Don’t let the look of the typical marathon runner fool you.

Many of them look a bit emaciated, almost as if they’ve been starving. Current world record holder Dennis Kimetto checks in at a paltry 120 pounds, and most elite marathoners aren’t much thicker than that.

But distance runners aren’t starving themselves. Quite the contrary, actually. Bodies need fuel to perform — and bodies that are attempting to run 26.2 miles need a ton of it.

Molly Marshall, a Registered Dietitian Nutrition Specialist at Columbus Regional Health, notes that it’s a matter of simple math. The more energy you’re burning, the more calories you need to put into your body.

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“As the runners are increasing their mileage,” she said, “then obviously with the increase in physical activity their calorie needs increase — especially calories from carbohydrates.”

Lots and lots and lots of carbohydrates. For someone training to run a marathon, Marshall said, approximately 60 to 70 percent of the caloric intake should be coming from carbohydrates. The remainder should be split fairly evenly between proteins and fats.

As the distances increase during the training process, the caloric needs alsowill increase. Marshall recommends that runners take in roughly 80 to 100 grams of protein per day leading into the event.

So more distance, more fuel. Simple.

Of course, the inverse is also true — less distance, less fuel. That’s something that’s important for runners to keep in mind late in the training process if they’re looking to maintain their lean, Kimetto-esque figures.

“Once you hit your mileage peak and then you have to start tapering down on your training,” Marshall explained, “then you have to start tapering your calorie intake as well, or you will gain weight.”

Planning a training diet, though, isn’t just blindly counting calories. The quality of what’s going into your body is just as important, if not more so, than the quantity.

“You want to stay away from things like sweets, soda, those kinds of things that you’re getting no nutrition from,” Marshall stated. “‘I just ran 10 miles, so now I’m going to eat a box of Twinkies.’ No, that’s probably not your best choice.”

So what are the best choices? Here’s a quick look at some foods that can help — or hinder — your training efforts:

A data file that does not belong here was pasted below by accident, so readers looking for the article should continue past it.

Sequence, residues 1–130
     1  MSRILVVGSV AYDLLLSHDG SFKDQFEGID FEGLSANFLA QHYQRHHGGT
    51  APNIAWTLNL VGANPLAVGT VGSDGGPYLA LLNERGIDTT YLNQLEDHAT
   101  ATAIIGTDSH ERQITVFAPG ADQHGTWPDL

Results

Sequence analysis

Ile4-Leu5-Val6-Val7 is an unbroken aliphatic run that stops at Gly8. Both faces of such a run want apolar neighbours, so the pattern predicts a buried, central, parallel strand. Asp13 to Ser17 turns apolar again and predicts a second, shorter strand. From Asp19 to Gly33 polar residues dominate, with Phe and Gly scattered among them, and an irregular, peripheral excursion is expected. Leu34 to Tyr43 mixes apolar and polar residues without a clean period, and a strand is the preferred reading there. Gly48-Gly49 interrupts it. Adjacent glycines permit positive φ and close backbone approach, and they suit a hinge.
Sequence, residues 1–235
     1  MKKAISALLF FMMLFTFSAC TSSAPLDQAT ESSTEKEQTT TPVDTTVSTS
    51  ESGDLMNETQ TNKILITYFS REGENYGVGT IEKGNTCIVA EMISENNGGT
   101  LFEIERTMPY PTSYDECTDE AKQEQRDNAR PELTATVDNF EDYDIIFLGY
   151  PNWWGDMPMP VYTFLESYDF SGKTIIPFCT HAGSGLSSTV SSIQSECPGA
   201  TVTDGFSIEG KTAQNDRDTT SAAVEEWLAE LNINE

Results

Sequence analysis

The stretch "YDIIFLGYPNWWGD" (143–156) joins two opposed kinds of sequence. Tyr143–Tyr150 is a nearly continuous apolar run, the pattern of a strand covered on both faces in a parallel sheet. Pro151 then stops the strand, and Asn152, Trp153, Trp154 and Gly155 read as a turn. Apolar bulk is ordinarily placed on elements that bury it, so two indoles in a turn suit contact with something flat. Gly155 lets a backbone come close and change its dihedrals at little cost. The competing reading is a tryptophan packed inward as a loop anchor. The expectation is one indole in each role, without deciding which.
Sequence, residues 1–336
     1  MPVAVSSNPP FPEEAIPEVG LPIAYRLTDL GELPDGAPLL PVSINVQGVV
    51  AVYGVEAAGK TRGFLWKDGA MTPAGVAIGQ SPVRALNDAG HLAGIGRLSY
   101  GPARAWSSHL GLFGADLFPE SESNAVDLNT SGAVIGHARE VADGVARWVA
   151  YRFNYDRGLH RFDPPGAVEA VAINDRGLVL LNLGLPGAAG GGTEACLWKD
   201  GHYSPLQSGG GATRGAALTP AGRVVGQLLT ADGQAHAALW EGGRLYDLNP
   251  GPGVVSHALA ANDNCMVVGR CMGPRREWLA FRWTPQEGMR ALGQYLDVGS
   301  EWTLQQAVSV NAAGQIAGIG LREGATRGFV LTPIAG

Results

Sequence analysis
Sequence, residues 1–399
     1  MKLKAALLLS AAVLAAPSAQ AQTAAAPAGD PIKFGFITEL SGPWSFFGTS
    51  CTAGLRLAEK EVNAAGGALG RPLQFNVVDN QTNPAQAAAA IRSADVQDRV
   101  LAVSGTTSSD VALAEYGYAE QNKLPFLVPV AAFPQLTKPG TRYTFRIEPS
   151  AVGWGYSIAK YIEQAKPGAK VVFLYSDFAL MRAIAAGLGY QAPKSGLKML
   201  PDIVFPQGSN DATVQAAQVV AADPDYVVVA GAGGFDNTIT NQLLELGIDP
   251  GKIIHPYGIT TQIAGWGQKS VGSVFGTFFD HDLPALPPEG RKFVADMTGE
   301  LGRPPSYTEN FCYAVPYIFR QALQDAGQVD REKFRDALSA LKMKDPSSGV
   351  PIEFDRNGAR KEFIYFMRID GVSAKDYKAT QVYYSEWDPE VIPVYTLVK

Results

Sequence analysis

Proteins

The good: Fish, chicken, lean beef, soy, greek yogurt, whey isolateThe bad: High-fat red meat, sweetened yogurt

The ugly: Fried chicken

Carbohydrates

The good: Rice, whole-grain pasta, fresh fruits, legumesThe bad: White bread, any food adding high fructose corn syrup

The ugly: Soft drinks, candy, potato chips

Fats

The good: Fish, avocado, olive oil, nuts and seedsThe bad: High-fat dairy and meat products

The ugly: Just about anything from a fast-food restaurant

Liquid assets

Hydration is a critical part of any marathon training process — but that doesn’t just mean drinking lots of water.

As the body releases sweat to cool off, it’s losing electrolytes, and those can’t be replenished by drinking water. Too much water, it turns out, can be just as dangerous as not enough water.

Sports drinks such as Gatorade or Powerade can help, but those aren’t a cure-all, either.

“You can over-drink water, and you can over-drink sports drinks,” said Molly Marshall, a Registered Dietitian Nutrition Specialist at Columbus Regional Health. “So you really need to alternate between the two and have them both.”

Fortunately, the water stations that are set up for the Mill Race Marathon take that into account. Some stations supply water, while others will offer sports drinks.

Maintaining a similar balance during training can help keep you going strong over the long run.

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Ryan O'Leary is sports editor for the Daily Journal. He can be reached at roleary@dailyjournal.net or 317-736-2715.